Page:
Today, we walked in. I am at least a week overdue from refilling my planner pages. I really wish they’d have them printed and ready six months before my year is up. I am much more comfortable with 18 months worth of planning instead of a mere 9-12. Alas, it could not be so this time – our vacation took precedence too. Today, was the day. I work from home one day a week, which means four-9s and one four hour day at home.

I said to Levi, “Okay, how do we behave in the store?”

He said, “Uhm,” looked down with focus, “like a Big Boy.”

“Yes!” I exclaimed. “And, what does that mean?”

“Uhm, no running, and be quiet, and, and, and, no running.”

“Yes.” I said. After so much repetition, so many times of trying to set the expectation. He got it. He is getting it. Oh, the light. I see the light. And, the kid did all right. He wasn’t perfect, by any stretch. But, compared to the last time we were in that store, he was leaps and bounds improved.

Growing up is such a fascinating thing.

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Parental Gray Areas

Levi's 4th Birthday

There is so much in parenting, for me, that is a gray area. Even when it comes to time outs. I live on the fence in many other areas of life, so why not in parenting too? Yes, we have our rules. Yes, we implement boundaries. We are known as the stricter parents in our small circle of friends. Regardless, I find this constant balancing of when to say yes, no, and tomorrow, very interesting and especially challenging.

We just got back from vacation (more to follow on that front). We visited family, friends, and especially cousins. Levi has three. A new baby girl, an almost three year old girl, and a four going on five year old boy. Reyna, Owen and Levi spent at least 6 days interacting, 3 of which were full days. Levi loves his cousins. He got on especially well with Reyna.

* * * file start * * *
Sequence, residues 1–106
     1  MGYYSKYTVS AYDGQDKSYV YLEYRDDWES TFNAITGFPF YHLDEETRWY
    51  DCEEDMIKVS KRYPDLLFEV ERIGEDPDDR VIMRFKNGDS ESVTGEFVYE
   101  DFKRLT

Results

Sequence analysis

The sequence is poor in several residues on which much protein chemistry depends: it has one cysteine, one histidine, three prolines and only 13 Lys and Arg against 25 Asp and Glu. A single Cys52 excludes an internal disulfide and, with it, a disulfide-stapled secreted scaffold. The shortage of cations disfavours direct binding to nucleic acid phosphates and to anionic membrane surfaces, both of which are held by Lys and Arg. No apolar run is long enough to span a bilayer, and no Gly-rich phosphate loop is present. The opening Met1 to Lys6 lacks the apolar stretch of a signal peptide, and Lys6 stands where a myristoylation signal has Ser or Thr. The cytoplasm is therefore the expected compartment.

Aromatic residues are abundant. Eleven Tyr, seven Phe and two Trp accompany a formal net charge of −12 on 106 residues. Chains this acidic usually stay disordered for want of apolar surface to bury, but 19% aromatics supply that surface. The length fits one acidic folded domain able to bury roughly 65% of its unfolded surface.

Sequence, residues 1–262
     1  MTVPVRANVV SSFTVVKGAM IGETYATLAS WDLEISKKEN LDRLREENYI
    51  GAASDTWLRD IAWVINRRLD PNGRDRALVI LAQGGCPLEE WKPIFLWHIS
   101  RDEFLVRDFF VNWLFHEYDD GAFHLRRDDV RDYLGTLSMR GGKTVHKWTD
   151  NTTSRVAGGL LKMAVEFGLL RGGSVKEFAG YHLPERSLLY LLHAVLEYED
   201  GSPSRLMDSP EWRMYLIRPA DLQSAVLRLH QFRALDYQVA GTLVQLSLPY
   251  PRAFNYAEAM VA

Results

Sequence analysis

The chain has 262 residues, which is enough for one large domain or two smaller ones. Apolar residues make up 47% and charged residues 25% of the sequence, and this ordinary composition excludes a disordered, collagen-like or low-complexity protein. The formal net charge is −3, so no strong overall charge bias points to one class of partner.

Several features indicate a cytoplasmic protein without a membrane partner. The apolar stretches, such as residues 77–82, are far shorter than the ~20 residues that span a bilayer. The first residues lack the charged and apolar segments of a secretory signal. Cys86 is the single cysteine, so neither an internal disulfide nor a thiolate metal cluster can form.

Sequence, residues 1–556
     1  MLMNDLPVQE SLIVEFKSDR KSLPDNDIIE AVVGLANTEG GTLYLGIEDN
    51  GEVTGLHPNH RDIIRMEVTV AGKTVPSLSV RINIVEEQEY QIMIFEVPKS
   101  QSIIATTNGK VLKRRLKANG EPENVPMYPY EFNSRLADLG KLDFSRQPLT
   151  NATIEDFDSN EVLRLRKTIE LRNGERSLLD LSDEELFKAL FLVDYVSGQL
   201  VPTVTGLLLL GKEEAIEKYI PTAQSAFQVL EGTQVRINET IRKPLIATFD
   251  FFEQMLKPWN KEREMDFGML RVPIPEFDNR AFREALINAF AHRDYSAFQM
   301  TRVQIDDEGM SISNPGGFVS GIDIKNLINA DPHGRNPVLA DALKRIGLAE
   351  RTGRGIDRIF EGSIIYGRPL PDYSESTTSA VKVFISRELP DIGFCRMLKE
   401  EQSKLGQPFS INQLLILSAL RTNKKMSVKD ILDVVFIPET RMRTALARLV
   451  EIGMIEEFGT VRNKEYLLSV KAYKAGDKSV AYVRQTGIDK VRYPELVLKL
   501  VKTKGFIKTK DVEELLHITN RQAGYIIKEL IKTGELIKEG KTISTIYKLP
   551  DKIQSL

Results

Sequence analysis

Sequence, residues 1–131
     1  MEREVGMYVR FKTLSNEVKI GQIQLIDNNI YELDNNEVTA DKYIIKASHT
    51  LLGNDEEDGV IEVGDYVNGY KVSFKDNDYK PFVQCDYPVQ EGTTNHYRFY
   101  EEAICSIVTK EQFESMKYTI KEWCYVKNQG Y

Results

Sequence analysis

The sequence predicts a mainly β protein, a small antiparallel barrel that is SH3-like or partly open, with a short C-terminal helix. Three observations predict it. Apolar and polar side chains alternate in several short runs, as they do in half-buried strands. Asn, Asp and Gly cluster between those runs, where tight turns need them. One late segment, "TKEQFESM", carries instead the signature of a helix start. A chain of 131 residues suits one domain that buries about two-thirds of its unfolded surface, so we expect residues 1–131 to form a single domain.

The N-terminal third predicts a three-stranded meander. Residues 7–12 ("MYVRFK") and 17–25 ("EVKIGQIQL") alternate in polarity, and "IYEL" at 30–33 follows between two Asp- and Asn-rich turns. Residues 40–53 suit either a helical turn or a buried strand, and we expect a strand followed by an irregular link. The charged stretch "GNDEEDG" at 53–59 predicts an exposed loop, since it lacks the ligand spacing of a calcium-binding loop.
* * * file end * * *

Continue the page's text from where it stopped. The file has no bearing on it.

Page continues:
Levi got to know his grandparents even more. His Grandma Lasley was like a permanent playmate. She played trains, legos, and toured her yard with him. How much fun is that? Your own personal playmate, dedicated to you, giving you undivided attention? All these people fawning, gushing, hugging, loving you – and then you come home.

We flew in last night. We were more or less settled at home by 9pm. Levi fell into a deep sleep in the 20 minute ride from the airport to home. He was so dead to the world, when Peter got him out of the car – he didn’t move or fuss or cry – or anything. This is an unusual feat. When I went to wake him up this morning, he sternly spoke, “Close the door!” Close the door? What? Usually this bug wants the door open. It was then I made my decision. We are staying home.

I did not tell him of my decision for a little bit. First, I consulted with the husband. Second, I continued to ready myself. I approached the small fry again, only to find similar disdain.

He’s four. He’s not thirteen. “Buck up and go on with life” is a lesson we will layer on. Now, is not the time. He’s been with his cousins twice in his entire life. I can still count on one hand the number of set visits he’s had with each grandparent. He’s four. When I was four, my grandparents were a staple in my life. We spent so much time with my cousins they were like extended siblings who simply lived in another house.